As head of computer graphics for Framestore New York, SVA faculty member David Hulin (BFA Computer Art, Computer Animation and Visual Effects) recently updated a classic movie theater commercial for a long-time client, the auto insurer GEICO. Many moviegoers will remember “Let’s All Go to the Lobby,” an old school animation featuring singing soft drinks and perky popcorn dancing merrily across screen. The new 40-second spot—recently singled out by Adweek as an Ad of the Day—faithfully replicates the original, and there’s a cameo by the famous GEICO spokeslizard. Also on Hulin’s team was fellow faculty member Seth Gollub (BFA 2005 Computer Art), who served as VFX supervisor. We asked them about their postmodern spin on the iconic classic.
Were you familiar with the original “Let’s All Go to the Lobby” spot before this assignment? What was your reaction when seeing it for the first time?
David Hulin: I hadn’t ever had the pleasure before this script came in. I quickly found hundreds of references to it on YouTube (especially this one) and realized the cultural importance of it to American moviegoers. I really loved the simplicity and the nostalgia of the piece, especially with the super catchy classic soundtrack!
Seth Gollub: I thought it was a great concept in that it is precisely the opposite style of animation we employ for the gecko. I thought this dynamic contrast of styles would make for a memorable spot.
Please tell us about your process of reproducing the original 1953 segment frame by frame. Did it involve early animation techniques, state-of-the-art tools, or both? Were there special challenges?
DH: It’s pretty much the perfect example of making things look really simple when in fact they aren’t. The rigs had to be designed completely accurately to match the cell animation. The comp team did a great job of adding a 1950s film look and transition FX, down to seeing the edge of the film negative and the hand-animated hair in the gate. It’s a lot of very talented artists designing organic texture—that’s VFX in a nutshell.
Nostalgia with an ironic twist is a popular cultural trope and the retro look is everywhere these days. Why do you think this sensibility works so well in advertising?
DH: People always respond to familiarity. Resurrecting classic characters, when they are so closely associated with fond childhood memories such as a trip to the movies, is particularly powerful. Advertising loves a bit of emotional piggybacking!
That little GEICO gecko has been around for years! What makes him such an endearing mascot?
DH: Sincerity. He’s a real character, not a two-dimensional cartoon character. Every fidget, every nervous glance at the camera and misplaced footstep is part of making him a normal little dude going about his business. You know exactly what he’d feel like if you reached out and pinched his little podgy midriff between your thumb and forefinger.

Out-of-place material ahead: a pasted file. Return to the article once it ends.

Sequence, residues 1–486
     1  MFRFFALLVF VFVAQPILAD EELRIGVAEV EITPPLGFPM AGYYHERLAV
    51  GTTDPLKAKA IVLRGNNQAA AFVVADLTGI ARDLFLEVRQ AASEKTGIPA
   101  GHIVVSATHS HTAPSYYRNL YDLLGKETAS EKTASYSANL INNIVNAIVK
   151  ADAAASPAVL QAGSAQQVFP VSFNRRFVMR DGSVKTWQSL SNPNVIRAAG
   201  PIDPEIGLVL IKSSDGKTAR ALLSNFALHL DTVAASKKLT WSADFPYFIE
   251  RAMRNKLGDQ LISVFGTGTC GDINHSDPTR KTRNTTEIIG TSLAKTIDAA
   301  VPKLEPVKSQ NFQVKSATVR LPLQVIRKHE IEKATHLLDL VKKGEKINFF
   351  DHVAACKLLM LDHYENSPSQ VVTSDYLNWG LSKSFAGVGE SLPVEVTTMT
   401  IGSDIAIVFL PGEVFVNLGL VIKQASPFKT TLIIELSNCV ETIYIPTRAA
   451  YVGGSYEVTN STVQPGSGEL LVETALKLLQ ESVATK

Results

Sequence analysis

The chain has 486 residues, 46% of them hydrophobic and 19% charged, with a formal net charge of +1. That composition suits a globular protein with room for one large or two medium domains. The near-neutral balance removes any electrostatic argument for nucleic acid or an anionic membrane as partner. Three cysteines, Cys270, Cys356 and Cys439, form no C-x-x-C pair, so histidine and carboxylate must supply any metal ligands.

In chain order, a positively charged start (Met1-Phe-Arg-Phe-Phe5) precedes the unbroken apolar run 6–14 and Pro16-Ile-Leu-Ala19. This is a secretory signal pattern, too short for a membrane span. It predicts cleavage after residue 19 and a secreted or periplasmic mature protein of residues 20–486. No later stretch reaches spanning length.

SG: Over the years we’ve really created a distinct personality for our gecko. He has a unique combination of confidence and humility, and performs a lot of subtle gestures with his hands and facial expressions. A lot of people feel they can relate to all these “nervous ticks.” We spend quite a lot of time trying to act out and choreograph the action before we even begin animating.
Seth, you’re not the only SVA alumnus who worked on the project. Other faculty and alumni on the team were Euna Kho (BFA 2012 Computer Art, Computer Animation and Visual Effects), compositing supervisor Han Hu (BFA 2007 Computer Art), Shayne Ryan (faculty member, BFA Computer Art, Computer Animation and Visual Effects), Sylvia Apostol (BFA 2007 Computer Art) and Andy Rowan-Robinson (faculty member, BFA Computer Art, Computer Animation and Visual Effects). In what ways did SVA prepare you to make the leap from student to professional?
SG: Quite simply, SVA gave me the confidence and basic skills to feel as though I could animate on a professional level. I don’t ever feel an artist should grow complacent or feel as though their training is complete. We should be in a constant state of evolution. SVA was the first step in my quest as an animator and I would have gotten nowhere without that experience.
David and Seth, when you teach, what do you tell students who want to stand out from the crowd?
DH: I always encourage people to do fewer shots to a higher level of finish rather than do lots to an average level. SVA provides an amazingly high standard of foundation skills, but we need people who want to continue to be sponges for knowledge after they graduate. Anyone, no matter how many decades of VFX experience, who says they know it all is an idiot! You always have to be willing to keep learning. And keep your ears and eyes open. (Oh yeah, and don’t watch TV or have 200 chat windows open at work!)
SG: I try to remind students to separate the technology from the art, and never forget that at the end of the day, we are simply aiming to create a series of pretty pictures. I encourage them to never betray or forget their fine arts background; if they don’t have a background in the arts, then they should pursue it. The industry is in a constant state of evolution—artists should be as well. Never grow complacent or be satisfied with your current skill level.